Goldman Sachs Group Inc., accused by the U.S. government of defrauding investors, is generating better returns for companies and buyers of initial public offerings than any other Wall Street firm.
American companies that used New York-based Goldman Sachs as the lead underwriter for initial sales got the highest prices for their shares in the first half of 2010, selling at an average 1.4 percent discount to their offering range, data compiled by Bloomberg show. Buyers were rewarded with an average first-day advance of 9.6 percent, the biggest this year.
The U.S. IPO market is proving why Goldman Sachs, the most profitable securities firm in Wall Street’s history, is still the bank of choice for companies looking to raise capital and buyers seeking the biggest returns, finance professors at the University of Chicago and the University of Notre Dame said. Offerings led by Credit Suisse Group AG and JPMorgan Chase & Co. were discounted the most and produced the smallest gains, Bloomberg data show.
“The issuer and investor care about the opposite things, and the investment bank is in the middle,” said Steven Kaplan, professor of finance at the University of Chicago’s Booth School of Business. “There’s conflict. Goldman appears to have done very well.”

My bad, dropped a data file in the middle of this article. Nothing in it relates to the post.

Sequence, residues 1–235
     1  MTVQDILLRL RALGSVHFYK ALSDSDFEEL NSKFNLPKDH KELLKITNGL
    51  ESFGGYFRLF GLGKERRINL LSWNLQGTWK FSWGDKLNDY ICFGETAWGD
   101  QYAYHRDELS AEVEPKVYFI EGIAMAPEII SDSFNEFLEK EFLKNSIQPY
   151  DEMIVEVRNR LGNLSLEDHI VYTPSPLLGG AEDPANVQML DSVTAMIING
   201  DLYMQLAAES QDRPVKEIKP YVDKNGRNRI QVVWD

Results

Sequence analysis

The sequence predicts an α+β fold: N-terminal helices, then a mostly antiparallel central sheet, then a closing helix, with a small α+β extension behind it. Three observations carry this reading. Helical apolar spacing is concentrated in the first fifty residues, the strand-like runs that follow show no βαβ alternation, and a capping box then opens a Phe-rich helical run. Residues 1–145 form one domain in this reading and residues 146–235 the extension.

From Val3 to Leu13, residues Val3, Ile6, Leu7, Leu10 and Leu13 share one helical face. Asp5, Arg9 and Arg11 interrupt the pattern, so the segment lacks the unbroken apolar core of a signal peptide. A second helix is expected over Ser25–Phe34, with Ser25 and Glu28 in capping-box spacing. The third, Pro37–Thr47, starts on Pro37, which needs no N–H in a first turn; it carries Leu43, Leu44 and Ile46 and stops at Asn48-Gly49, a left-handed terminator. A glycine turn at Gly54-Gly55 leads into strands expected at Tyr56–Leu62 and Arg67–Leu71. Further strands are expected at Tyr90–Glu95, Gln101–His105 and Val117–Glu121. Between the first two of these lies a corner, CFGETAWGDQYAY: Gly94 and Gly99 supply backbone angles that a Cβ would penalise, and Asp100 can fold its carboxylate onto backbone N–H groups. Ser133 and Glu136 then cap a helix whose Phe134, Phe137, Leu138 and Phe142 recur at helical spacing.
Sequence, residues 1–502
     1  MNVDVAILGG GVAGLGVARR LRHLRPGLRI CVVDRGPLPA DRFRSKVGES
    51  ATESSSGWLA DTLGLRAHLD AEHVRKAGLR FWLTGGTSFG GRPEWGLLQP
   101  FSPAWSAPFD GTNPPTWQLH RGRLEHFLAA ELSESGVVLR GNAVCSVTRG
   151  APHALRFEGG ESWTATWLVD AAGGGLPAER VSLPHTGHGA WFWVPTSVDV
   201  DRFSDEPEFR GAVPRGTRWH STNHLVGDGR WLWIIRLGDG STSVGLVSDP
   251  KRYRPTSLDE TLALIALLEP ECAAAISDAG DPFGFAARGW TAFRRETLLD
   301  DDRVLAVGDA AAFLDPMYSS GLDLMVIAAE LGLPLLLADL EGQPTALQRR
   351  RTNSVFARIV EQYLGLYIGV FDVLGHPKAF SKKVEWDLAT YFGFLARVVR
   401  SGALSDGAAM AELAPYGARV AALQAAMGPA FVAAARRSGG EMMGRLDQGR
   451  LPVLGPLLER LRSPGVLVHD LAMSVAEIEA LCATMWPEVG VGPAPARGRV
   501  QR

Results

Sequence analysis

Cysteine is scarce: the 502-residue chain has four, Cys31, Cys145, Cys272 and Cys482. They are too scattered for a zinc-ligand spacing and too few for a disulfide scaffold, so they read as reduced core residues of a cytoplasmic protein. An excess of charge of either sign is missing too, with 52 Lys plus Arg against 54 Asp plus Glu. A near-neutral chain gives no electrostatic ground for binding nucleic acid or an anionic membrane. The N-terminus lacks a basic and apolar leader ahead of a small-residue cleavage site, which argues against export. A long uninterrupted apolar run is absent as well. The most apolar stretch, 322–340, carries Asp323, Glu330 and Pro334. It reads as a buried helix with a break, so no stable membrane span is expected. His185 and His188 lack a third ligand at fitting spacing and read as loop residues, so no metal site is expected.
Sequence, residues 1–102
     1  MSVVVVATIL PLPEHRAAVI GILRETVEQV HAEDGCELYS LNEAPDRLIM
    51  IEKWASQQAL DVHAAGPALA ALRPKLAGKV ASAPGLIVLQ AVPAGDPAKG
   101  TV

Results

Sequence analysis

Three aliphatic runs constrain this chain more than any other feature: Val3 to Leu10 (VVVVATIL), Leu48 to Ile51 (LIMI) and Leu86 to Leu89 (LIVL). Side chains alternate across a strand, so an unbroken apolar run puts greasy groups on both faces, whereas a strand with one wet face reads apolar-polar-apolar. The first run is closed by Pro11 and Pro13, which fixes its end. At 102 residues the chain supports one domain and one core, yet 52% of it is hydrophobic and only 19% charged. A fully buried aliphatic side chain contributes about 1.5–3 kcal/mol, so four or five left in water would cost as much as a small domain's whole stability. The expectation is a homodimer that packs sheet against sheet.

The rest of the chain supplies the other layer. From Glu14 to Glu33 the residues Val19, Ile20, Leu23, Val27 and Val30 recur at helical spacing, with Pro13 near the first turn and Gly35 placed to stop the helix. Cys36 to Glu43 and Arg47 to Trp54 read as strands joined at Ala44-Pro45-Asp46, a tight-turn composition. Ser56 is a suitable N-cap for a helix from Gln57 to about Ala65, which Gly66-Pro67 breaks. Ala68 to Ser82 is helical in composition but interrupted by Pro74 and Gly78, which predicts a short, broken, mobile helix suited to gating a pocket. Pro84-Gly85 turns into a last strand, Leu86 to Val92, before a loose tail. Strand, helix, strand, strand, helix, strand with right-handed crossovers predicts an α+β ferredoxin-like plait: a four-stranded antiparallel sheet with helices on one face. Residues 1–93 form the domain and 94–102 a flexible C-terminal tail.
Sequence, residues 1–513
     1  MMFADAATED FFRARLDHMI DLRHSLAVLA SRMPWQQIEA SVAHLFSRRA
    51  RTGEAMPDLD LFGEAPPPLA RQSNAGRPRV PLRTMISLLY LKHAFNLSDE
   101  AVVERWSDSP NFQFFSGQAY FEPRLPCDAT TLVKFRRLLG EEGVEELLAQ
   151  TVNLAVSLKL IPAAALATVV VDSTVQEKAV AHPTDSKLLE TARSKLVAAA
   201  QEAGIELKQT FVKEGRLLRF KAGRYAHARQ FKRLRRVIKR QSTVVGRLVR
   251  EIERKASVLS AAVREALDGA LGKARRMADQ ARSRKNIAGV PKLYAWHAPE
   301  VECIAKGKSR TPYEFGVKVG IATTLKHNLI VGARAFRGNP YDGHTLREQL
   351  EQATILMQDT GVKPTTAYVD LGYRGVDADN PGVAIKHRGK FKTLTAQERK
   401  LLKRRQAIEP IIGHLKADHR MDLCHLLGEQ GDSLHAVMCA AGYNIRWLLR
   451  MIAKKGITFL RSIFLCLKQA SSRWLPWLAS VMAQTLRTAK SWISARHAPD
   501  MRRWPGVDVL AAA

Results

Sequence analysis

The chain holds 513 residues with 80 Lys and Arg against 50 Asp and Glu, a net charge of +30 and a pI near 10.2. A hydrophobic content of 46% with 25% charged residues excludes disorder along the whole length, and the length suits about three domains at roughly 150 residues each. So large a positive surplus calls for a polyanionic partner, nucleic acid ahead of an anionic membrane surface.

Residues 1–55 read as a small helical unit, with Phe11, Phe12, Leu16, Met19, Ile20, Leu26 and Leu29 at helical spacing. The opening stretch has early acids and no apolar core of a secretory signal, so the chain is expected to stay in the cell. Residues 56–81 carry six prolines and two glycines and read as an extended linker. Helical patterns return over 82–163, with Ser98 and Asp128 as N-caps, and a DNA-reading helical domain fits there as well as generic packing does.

Chief Executive Officer Lloyd Blankfein’s firm is beating competitors in an area that generates some of Wall Street’s biggest fees. Bankers charged 6.4 percent for underwriting U.S. IPOs this year, more than 10 times that for mergers and acquisitions and corporate bonds, Bloomberg data show.
Goldman Sachs won the largest share of the $580 million in fees from initial offerings in the first half, even after the Securities and Exchange Commission sued the firm in April for allegedly selling mortgage-related securities that were designed to fail. The bank has called the SEC’s lawsuit “completely unfounded.”
SEC spokesman John Nester declined to comment.
Goldman Sachs was the so-called lead-left underwriter for 11 U.S. IPOs in the first half, data compiled by Bloomberg show. More than half of those were priced above the middle of the offering range, while Goldman Sachs-led deals accounted for four of this year’s five biggest premiums, the data indicate.